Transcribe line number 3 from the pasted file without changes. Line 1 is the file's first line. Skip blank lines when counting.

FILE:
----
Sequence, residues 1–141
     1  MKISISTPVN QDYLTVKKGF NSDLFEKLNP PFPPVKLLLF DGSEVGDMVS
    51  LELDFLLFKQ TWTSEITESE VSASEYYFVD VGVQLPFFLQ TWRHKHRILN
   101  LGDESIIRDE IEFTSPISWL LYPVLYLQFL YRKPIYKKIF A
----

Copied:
    51  LELDFLLFKQ TWTSEITESE VSASEYYFVD VGVQLPFFLQ TWRHKHRILN